Is Your Mutual Fund Overcharging You?

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Is Your Mutual Fund Overcharging You?

Justin Kuepper Nov 06, 2015

In late October, five mutual fund providers were ordered to pay more than $18 million in restitution to charitable organizations and retirement accounts that were overcharged on mutual fund sales. These providers had been charging fees that were supposed to have been waived for certain share classes since 2009 before they were discovered and reported to FINRA, according to a report appearing in The Wall Street Journal.

To avoid being overcharged, investors should familiarize themselves with the mutual funds they own instead of relying on financial advisors or employers. Even a modest increase in expense ratios can add up to tens or even hundreds of thousands of dollars over the years due to the impact of compounding. The good news is several tools may help make the process a lot easier than looking through a 100-page prospectus.

Select the Right Mutual Funds

The easiest way to compare mutual funds is to use tools such as, which has become an industry leading resource for individual investors. In addition to listing the expense ratio for a given mutual fund, the website provides an indication of whether the expense ratio is above or below average for funds in the same class. The Morningstar rating system also tells investors how well funds have performed after adjusting for risk and sales charges.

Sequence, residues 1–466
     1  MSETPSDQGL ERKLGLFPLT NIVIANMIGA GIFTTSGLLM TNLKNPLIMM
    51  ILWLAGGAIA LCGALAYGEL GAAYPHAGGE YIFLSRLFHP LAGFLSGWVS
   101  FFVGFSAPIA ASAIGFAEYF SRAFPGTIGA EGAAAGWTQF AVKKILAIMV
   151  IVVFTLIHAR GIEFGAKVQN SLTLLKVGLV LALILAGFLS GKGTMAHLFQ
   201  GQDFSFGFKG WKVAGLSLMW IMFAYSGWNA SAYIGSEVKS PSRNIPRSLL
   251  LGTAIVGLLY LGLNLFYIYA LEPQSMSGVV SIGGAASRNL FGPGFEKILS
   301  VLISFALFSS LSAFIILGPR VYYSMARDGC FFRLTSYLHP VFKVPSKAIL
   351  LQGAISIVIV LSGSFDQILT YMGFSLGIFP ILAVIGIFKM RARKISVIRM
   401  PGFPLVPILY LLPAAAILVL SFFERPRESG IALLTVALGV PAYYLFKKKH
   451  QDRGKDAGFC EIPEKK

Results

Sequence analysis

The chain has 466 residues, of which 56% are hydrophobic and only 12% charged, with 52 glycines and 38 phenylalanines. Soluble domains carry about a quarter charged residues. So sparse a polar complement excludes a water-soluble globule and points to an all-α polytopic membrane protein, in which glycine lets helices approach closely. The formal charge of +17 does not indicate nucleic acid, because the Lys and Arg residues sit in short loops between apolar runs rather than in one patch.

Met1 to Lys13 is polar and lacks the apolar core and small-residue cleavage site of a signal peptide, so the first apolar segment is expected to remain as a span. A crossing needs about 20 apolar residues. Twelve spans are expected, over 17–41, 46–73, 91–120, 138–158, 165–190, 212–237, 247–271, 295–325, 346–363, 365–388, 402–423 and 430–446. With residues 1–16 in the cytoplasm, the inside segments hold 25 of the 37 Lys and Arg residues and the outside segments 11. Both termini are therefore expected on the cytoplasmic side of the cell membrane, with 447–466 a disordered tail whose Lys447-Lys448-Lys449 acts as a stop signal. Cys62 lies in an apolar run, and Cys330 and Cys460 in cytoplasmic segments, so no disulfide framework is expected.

Another way to avoid expensive mutual funds is to stick with traditionally low-cost providers. By using indexing strategies rather than active portfolio management, Vanguard has become the most popular low-cost mutual fund provider, while Fidelity has given it a run for its money in some cases. These funds also have solid overall ratings on Morningstar, since actively managed funds typically have trouble beating benchmark indexes over time.

Revisit Your Portfolio Regularly

Most expense ratios have trended lower over time, as the industry becomes more competitive and tries to fend off low-cost exchange-traded funds – but relative expenses may increase in cases where fees remain the same. In these cases, it may be a good idea to switch mutual funds within the same class to reduce expenses. Again, even a modest reduction in expense ratios may translate to significant savings over time.

When switching providers, it’s important to read the fine print to ensure there are no strings associated with selling early or with minimum buy-ins. Some mutual fund providers require a certain level of investment to lock in their lowest rates, while others may try to charge a fee for selling within a certain period of time. These are important considerations to take into account to avoid paying unnecessary fees.

The Bottom Line

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